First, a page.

My lesson on failing, obsessing and detachment with writing — and bad boyfriends.
I’ve been struggling with writing lately. No matter how much I’ve tried to shut it out of my mind, the rejection got to me. After a few initial, small successes with a couple of stories here on Medium, my writing, in general, has not been featured and therefore has received hardly any claps or attention. I’ve tried writing about different things, thinking that maybe it just has to do with the subjects, but the truth is it’s probably because I have a lot to learn about writing and doing it in this platform in particular.
Outside of Medium, the novels I spent a bigger part of last year writing have so far attracted no attention from agents or publishers, and my actual 9 to 5 job has been steadily rolling downhill as well. It’s an election year here in Argentina, the stakes are extremely high, people are on edge, and the general atmosphere working at a government agency is getting more tense by the day.
As the rejections started piling up, I at first tried to reject my negative feelings. We’ve all read these stories about how you just need to do more, write more, want it more, and at some point, you will get to where you want to be. Just by doing more you will get there, your writing will be better and someone will eventually want to read your books and blog posts. I thought so, too, and in those first weeks of Medium-induced euphoria, I even wrote a story about not caring about any of those failures, just sticking to it and writing for myself until I’m good enough.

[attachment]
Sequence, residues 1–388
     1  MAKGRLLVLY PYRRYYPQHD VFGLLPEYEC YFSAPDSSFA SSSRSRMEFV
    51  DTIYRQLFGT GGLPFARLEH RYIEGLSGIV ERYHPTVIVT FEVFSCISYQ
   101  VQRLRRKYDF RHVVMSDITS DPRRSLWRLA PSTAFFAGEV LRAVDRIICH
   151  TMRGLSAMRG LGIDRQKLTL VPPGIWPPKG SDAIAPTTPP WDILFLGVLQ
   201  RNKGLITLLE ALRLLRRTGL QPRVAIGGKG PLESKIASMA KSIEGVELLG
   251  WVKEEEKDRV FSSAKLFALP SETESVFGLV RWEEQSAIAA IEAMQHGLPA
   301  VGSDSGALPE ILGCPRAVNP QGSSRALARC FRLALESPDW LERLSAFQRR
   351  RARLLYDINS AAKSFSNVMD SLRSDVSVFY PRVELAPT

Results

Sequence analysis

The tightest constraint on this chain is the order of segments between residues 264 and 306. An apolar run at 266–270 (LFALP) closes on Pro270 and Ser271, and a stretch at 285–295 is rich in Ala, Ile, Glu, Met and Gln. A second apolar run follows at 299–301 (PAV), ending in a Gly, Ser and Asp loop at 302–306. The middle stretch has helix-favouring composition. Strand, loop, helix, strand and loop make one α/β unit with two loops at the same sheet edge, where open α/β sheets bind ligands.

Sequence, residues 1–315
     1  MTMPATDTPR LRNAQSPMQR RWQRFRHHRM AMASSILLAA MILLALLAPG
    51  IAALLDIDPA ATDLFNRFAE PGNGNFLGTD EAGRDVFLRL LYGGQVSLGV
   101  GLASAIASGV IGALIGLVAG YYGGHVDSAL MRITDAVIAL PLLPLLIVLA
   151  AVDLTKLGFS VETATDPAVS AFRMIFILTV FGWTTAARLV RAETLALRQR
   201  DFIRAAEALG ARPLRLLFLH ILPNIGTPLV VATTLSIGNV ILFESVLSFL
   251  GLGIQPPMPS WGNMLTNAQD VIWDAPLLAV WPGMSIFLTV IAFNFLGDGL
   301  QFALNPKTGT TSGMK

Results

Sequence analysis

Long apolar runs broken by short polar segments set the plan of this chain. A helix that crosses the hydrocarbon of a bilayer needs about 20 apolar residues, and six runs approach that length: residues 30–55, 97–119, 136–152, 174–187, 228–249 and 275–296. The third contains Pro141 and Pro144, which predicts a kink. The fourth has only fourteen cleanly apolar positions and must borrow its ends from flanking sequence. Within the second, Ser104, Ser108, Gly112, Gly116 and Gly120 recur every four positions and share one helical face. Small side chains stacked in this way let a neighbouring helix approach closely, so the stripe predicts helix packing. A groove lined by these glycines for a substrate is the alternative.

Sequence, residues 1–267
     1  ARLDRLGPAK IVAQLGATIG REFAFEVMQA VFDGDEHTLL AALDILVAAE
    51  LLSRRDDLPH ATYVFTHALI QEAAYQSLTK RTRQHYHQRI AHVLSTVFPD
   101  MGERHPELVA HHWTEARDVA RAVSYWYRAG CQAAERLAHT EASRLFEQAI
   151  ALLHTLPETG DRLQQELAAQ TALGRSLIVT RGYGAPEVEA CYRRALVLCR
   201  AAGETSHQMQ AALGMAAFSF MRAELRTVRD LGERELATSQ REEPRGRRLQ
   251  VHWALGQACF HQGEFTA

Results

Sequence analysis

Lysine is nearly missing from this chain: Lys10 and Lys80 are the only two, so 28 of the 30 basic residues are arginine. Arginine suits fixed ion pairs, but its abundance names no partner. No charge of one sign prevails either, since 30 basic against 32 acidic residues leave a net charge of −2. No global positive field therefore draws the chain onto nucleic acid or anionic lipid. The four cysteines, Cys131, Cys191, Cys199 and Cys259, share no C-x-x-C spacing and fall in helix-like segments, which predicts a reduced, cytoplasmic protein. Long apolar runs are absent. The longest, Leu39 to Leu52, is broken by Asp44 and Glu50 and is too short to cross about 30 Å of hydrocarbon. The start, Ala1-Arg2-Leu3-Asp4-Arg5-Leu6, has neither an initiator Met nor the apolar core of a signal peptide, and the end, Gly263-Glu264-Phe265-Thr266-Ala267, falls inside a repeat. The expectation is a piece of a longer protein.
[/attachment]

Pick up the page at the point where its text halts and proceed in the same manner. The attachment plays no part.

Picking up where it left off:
But at the same time, I’m not yet a professional writer. I’m still at the level where I take my small failures and rejections personally, thinking I will never get to where I want to be. I started trying to pick my brain about what it was that was making my writing not good enough. I tweaked my queries until I had no idea what the book was about anymore. I tried to write better for the Medium editors, and in the end always failed. I tried writing just for myself, with the same result. And then, after months of furious writing and nervous querying, I got frustrated and let it get to me. It all started going downhill from there.
I started many stories and abandoned them halfway, thinking they weren’t “worth it” because let’s…